When we last left our heroes...If nothing else, this fight presents us with a never before seen narrative; the fighter who admits beforehand that his training camp has sucked.
So says Thomson heading into this bout, to which Benson has replied...so what?
In a way Thomson's comments are a breath of fresh air. Camps, like any other training regimen, are still bound by the life of the fighter. For Thomson, it's not even a joke to quip about whether or not protesters may or may not have been camping outside of his gym.
There's not much to take from the story itself. Both guys are healthy, in shape, and ready to do battle.
Thomson is coming off what is aesthetically his most impressive win. Nate Diaz was and is a formidable opponent for anyone at LW (and beyond in some cases) and Thomson handled him the way you don't expect a Diaz brother to get handled; via TKO that even the Diaz brothers can accept as legitimate. It was a hell of a statement to make after his brilliant trilogy with Gilbert Melendez.
Benson's career has taken an odd turn. Overhearing campfire conversations in the digital landscape among MMA fans, you'd never know that Henderson defended his belt three times.
Some of it's understandable. Benson took home some pretty close decisions that didn't distance himself as an imposing, feared champ. His bouts with Frankie Edgar were close and competitive, as was his bout with Gilbert Melendez. Everyone was on the Anthony Pettis bandwagon before he officially won UFC gold, so the quick first round submission highlighted two things: that Pettis was the real deal, and Henderson wasn't. Let the Pettis "era" commence, the subconscious of the collective MMA world said.
However, it would be silly to overlook Henderson's legitimacy. Two wins over Donald Cerrone in the WEC, and a 7-1 UFC record that boasts wins over names like Clay Guida, Jim Miller, Frankie Edgar, Nate Diaz, and now Gilbert Melendez.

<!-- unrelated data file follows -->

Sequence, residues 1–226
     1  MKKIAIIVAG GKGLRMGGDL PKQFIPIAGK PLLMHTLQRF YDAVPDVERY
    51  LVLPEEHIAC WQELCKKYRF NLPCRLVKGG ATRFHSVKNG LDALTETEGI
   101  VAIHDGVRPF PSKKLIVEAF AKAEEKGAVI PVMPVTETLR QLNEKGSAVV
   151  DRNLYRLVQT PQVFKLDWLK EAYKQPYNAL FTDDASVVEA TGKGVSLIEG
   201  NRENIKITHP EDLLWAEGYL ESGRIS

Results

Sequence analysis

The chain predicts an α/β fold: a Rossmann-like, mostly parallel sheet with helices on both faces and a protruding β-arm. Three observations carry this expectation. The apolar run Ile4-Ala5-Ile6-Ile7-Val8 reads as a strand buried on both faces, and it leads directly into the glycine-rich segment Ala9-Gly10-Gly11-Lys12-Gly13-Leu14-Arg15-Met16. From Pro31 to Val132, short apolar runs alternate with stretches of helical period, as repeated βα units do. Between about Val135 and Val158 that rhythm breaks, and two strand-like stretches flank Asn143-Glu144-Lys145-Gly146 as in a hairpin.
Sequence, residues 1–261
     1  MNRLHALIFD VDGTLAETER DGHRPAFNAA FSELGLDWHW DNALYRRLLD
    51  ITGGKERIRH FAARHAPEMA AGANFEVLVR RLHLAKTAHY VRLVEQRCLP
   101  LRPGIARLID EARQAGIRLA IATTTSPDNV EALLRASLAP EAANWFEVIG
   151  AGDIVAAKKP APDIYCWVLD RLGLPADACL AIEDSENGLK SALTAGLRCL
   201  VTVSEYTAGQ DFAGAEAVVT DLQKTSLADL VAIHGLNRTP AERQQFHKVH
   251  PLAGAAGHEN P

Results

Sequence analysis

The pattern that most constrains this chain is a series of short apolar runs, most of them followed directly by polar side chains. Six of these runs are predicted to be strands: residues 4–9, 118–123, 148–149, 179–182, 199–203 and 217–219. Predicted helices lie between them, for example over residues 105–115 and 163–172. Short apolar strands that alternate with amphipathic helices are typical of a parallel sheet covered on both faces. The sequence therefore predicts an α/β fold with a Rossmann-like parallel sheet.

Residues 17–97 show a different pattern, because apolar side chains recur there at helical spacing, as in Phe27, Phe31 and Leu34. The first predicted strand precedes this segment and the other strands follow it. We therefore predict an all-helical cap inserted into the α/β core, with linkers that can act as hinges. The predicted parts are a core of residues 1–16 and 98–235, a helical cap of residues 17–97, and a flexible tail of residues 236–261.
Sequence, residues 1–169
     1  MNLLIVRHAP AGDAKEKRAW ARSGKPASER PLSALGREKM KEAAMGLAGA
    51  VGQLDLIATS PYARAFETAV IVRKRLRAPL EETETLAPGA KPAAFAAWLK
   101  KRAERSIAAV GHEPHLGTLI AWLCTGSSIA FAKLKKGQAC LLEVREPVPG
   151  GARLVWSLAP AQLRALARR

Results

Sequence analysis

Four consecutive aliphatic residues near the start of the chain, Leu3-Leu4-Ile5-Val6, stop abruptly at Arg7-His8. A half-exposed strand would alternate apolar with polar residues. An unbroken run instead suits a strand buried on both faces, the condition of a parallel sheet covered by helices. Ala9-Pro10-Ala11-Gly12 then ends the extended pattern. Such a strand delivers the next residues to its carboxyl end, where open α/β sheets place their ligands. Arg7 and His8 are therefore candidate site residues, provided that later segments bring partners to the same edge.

What both men can do: Henderson is a good example of a fighter who hasn't evolved much because he hasn't needed to. He's always been a well rounded machine of MMA efficiency. His balance is other worldly. He's defensively durable, and his takedowns are noteworthy for what he's able to do with them once the fight hits the ground. Henderson's signature strength is his ability to create two vastly different kinds of offense on the ground: one with violence using his fists, one with violence using his mind, creating scrambles that give him an opening for a fight ending submission.
His leg kicks aren't on the level of Jose Aldo, but coming close makes you elite in that department, and Henderson's leg kicks are elite.
Thomson is similar, but rather than do business on the ground, he gets his best work done on the feet. He fires punches and kicks at a blistering pace, mixing it all up with crisp seamless wrestling, and dogged groundwork.
His ability to keep the bout on the feet will be the difference.
What both men can't do: While Thomson's loss to Tatsuya Kawajiri was a good blueprint for what Benson could do to win, I don't think it;s that simple.
Kawajiri, even at FW, still has only marginally less power than Henderson, and his grappling is more calculated and conservative. Henderson does a good job of getting the fight to the ground, but doesn't really maintain control in the same way. With Thomson's scrambling ability, I expect this one to be decided on the feet.
And that's where Thomson has a huge edge. Benson still has what sometimes feels like shoddy boxing to this armchair critic. He paws from his southpaw stance with a jab that twiddles rather than threatens, and he's often open for punches thrown straight down the middle.
He's been caught by a lot of quick punchers. Edgar managed to knock him down, which is what makes me think Thomson has this bout in the bag even he just sticks to a proper gameplan. His quickness, accuracy, and power will net him chances, and opportunities.
I hate falling into the trap of underestimating a guy with Benson's record, but I don't see how Henderson overcomes Thomson's superior boxing for five rounds.
X-Factor: Headbutts. Neither guy has some sort of checkered history, but with Benson moving forward with takedowns, and Thomson moving forward with strikes, and both doing so aggressively, I wonder if an inadvertent cut could end up making a difference in the bout.
In-Fight Soundtrack: Queens of the Stone Age, because that's what I'm currently listening to, and you should be too.
Prediction: Josh Thomson by Decision.